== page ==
1

I'm currently working on a Rails app that has to communicate with an external web API, update DB records from the result and asynchronously update the view.

What I'm currently doing

I have a list action where I show data directly from the DB consisting of a list of emails sent in a table with pagination. After the view is rendered I need to make an AJAX request to the application (on a different route) that makes the request to the external web API, updates the DB and then renders the partial with the table that contains all the emails, the same that was rendered on the original list action.

The following code handles the AJAX request:

# _mail_list_loader.js.erb
document.addEventListener("turbolinks:load", function() {
  $.ajax({
    url: '/certified_mail/mail_list',
    type: 'get',
    data: {
      page: <%= @page %>,
      rut: <%= @rut || 'null' %>,
      from: <%= @from || 'null' %>,
      to: <%= @to || 'null' %>,
      ids: <%= @outdated_message_ids.to_json.html_safe %>
    }
  });
});

Which response is a .js.erb that renders the partial of the actual table:

# mail_list.js.erb
$('#mail-list').html('<%= j render 'certified_mail/mail_list' %>');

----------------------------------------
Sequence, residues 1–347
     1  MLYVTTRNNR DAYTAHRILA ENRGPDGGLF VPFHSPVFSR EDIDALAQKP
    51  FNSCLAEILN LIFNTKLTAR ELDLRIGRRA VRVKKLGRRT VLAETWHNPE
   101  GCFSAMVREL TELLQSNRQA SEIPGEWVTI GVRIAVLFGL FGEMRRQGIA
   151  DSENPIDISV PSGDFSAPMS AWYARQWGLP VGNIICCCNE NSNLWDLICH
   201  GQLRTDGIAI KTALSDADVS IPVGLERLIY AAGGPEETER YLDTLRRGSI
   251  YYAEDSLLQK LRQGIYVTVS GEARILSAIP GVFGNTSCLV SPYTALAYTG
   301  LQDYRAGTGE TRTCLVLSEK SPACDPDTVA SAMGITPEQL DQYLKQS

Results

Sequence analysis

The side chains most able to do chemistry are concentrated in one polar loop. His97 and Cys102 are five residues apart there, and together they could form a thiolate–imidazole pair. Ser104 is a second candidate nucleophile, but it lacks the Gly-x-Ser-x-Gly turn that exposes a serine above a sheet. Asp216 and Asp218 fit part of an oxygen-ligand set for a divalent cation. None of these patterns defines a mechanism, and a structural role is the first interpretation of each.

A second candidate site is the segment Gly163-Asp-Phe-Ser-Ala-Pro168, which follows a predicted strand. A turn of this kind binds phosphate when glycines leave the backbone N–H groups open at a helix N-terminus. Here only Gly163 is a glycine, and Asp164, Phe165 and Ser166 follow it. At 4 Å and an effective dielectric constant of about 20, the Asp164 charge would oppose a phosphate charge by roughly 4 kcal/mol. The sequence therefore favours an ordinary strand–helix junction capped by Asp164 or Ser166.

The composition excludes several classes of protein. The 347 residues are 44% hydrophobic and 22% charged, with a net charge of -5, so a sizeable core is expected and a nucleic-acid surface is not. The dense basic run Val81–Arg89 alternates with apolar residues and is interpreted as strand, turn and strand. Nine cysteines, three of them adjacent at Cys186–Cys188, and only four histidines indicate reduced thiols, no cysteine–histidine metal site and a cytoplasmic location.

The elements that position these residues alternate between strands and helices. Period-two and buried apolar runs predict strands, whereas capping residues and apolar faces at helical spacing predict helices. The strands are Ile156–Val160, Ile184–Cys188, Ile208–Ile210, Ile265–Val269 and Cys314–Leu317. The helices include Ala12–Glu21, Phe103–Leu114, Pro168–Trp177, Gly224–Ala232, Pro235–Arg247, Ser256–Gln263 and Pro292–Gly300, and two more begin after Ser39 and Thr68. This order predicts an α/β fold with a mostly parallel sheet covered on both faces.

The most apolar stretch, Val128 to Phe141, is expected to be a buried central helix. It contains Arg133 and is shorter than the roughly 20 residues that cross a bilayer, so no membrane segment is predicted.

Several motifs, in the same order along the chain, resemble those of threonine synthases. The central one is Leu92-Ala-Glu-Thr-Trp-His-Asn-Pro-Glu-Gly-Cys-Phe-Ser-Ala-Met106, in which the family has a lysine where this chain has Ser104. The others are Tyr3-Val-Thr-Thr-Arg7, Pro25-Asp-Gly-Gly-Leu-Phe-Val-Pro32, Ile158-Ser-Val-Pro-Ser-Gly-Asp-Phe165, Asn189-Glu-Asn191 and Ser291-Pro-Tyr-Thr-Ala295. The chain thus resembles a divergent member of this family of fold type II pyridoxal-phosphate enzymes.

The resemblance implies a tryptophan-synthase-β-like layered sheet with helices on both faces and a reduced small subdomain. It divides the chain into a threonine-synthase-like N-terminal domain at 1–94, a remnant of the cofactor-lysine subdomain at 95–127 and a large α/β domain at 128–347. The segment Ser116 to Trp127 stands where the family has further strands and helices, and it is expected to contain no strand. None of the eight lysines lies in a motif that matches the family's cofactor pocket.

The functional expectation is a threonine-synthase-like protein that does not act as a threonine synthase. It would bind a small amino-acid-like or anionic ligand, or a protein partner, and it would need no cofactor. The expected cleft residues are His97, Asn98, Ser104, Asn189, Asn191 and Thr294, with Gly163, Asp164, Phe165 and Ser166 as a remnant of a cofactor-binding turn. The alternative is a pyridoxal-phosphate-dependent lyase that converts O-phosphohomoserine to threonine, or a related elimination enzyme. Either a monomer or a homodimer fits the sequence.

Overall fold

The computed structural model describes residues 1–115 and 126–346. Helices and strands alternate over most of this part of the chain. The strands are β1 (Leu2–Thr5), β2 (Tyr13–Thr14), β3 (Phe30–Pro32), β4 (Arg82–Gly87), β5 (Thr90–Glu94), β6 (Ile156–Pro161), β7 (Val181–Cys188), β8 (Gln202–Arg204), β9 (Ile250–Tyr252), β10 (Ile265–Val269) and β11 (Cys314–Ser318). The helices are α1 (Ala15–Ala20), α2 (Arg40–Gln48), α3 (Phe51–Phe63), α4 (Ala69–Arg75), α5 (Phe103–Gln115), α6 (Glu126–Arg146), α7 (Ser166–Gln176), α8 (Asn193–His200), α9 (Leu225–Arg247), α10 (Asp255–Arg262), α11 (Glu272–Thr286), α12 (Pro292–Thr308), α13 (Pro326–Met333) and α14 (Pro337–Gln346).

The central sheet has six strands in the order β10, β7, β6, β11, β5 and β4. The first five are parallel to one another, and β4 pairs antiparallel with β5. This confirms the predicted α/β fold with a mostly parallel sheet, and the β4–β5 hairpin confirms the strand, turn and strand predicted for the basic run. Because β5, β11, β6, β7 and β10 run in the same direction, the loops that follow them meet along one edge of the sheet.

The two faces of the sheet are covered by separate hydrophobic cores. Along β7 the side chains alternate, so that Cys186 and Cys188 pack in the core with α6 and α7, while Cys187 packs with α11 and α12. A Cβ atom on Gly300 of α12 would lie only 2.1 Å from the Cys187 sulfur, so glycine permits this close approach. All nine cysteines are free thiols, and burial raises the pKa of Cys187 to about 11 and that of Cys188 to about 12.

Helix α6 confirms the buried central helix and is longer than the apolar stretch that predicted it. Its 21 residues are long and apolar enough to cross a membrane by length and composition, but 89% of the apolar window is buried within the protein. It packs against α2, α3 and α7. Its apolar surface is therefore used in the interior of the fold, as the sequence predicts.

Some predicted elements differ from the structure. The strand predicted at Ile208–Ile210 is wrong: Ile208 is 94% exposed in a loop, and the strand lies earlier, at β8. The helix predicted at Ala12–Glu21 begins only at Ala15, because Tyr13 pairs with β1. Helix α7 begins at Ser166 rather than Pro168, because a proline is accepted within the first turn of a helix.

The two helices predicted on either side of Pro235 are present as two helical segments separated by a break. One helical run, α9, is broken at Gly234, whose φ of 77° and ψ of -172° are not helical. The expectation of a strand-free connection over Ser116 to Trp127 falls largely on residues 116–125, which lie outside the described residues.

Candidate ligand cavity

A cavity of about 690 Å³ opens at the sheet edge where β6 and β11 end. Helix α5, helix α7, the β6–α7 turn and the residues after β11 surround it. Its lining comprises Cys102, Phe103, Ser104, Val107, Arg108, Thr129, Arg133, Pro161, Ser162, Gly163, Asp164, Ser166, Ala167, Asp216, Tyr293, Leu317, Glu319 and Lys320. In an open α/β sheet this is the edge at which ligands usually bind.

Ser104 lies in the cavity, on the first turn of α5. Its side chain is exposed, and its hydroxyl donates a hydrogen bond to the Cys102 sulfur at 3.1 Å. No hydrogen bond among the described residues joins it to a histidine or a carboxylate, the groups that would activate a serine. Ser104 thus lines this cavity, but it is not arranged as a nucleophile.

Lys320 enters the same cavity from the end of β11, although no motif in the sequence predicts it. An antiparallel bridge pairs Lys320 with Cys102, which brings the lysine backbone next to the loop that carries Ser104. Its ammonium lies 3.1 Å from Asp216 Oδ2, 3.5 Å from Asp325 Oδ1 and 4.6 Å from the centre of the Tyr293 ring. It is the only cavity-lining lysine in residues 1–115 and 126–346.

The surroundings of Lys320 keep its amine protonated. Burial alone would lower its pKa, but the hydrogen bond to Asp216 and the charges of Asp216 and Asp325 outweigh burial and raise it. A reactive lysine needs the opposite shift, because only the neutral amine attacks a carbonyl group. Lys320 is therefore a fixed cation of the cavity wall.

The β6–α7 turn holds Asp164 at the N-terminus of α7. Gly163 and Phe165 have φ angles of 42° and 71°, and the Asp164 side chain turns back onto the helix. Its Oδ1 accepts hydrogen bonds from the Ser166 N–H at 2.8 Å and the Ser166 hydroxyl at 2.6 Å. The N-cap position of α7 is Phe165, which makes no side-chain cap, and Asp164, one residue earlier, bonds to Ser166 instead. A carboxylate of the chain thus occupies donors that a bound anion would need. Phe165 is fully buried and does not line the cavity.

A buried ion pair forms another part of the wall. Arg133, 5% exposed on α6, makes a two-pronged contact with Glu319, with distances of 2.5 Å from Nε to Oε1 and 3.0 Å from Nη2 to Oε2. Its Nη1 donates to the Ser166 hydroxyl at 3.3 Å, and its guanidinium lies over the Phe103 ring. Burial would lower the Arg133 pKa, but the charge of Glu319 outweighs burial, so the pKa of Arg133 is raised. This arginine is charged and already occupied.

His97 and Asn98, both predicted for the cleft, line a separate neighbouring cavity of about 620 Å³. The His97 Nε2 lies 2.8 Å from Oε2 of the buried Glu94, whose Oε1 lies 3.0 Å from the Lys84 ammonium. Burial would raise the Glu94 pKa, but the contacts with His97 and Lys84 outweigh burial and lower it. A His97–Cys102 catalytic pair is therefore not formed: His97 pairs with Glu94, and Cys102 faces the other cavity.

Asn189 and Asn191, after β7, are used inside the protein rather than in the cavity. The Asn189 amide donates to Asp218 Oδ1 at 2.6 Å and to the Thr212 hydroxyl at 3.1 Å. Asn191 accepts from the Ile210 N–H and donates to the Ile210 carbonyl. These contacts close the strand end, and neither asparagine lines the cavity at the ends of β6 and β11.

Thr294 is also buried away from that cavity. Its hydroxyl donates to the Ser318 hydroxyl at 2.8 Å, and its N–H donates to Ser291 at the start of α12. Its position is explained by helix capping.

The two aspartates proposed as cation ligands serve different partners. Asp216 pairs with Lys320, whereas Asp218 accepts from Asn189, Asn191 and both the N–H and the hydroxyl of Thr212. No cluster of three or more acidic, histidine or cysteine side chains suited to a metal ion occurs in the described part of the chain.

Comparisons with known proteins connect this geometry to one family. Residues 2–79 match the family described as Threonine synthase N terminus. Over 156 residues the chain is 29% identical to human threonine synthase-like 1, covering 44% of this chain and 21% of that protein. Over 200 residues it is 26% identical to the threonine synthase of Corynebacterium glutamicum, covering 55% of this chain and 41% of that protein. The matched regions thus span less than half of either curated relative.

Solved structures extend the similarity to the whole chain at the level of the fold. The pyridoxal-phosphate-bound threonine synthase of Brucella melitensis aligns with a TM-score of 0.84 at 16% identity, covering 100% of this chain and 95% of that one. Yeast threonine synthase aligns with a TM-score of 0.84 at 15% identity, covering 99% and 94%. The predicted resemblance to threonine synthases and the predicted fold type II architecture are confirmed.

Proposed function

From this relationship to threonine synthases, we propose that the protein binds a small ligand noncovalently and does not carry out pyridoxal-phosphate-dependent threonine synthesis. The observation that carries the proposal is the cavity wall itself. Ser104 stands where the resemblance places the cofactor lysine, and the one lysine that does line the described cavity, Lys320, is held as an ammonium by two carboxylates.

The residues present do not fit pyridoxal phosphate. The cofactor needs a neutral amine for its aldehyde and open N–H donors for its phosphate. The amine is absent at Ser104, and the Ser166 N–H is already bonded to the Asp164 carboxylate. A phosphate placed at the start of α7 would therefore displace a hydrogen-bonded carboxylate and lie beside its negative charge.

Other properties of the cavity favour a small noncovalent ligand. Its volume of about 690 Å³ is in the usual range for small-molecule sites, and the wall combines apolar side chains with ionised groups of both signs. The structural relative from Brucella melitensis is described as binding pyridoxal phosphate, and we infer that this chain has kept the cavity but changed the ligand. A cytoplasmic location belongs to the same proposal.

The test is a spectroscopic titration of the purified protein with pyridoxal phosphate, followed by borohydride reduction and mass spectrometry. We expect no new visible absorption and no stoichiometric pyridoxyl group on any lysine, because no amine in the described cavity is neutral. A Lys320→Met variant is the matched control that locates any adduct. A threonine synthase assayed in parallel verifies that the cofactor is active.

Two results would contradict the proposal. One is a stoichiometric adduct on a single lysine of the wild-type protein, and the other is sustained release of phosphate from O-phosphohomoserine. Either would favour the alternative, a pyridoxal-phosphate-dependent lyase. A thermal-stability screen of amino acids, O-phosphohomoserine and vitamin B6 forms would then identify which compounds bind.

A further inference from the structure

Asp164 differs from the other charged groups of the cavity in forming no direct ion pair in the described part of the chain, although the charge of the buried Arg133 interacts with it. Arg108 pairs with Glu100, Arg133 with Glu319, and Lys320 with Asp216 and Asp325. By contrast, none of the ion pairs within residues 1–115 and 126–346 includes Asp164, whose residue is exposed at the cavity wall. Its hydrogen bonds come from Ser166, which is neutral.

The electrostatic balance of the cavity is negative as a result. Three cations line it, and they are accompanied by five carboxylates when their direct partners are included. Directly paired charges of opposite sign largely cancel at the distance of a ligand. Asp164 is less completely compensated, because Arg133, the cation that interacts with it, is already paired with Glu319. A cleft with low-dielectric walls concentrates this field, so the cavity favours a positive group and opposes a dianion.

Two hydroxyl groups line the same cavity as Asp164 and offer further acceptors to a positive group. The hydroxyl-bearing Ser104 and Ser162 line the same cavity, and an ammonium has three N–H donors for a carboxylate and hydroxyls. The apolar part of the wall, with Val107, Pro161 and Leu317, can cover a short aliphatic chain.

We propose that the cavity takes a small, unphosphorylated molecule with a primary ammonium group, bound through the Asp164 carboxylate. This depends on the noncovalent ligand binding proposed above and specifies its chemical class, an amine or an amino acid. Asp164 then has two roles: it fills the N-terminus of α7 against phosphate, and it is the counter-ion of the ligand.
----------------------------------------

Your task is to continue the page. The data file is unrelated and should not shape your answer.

The _mail_list_loader.js.erb is rendered in my application.html.erb:

# application.html.erb
<head>
    ...
    <script><%= render 'certified_mail/mail_list_loader.js' %></script>
</head>

My controller looks like this for the action that first loads the table and the action that handles the AJAX request:

class CertifiedMailController < ApplicationController
  def list
    if params[:page].nil? || params[:page].to_i <= 0
      redirect_to action: :list, params: {
        page: 1,
        from: params[:from].to_s.empty? ? nil : params[:from],
        to: params[:to].to_s.empty? ? nil : params[:to]
      }
    else
      # Handle filters and get emails from the DB
    end
  end

  def mail_list
    if request.xhr?
      # Make API request, update accordingly,
      # handle filters and get emails from the DB
      respond_to do |format|
        format.js
      end
    else
      redirect_to action: :list
    end
  end
end

What my problem is

When the page first loads, it loads from the controller, and the AJAX request is correctly sent, but if I go to the next page (which sends a request with a different GET parameter page), the page loads directly from the controller, but two AJAX requests are sent, one for the first page and one for the second page, as shown below, and the HTML for the table kinda changes randomly, not really showing the right data in the table:

Network log from Firefox

I used to have the JavaScript that makes the AJAX request defined inside the body and not the header but that way the requests would just keep duplicating on every page change, having more and more requests every time. I did some searching and found that the issue of having extra calls could fixed by moving the code to the head.

I don't really know if my issue is strictly related to how Turbolinks handles the requests, but what I need is for the application to render the full view and then send an AJAX request with the exact same GET params to a different action that just renders the partial with the table.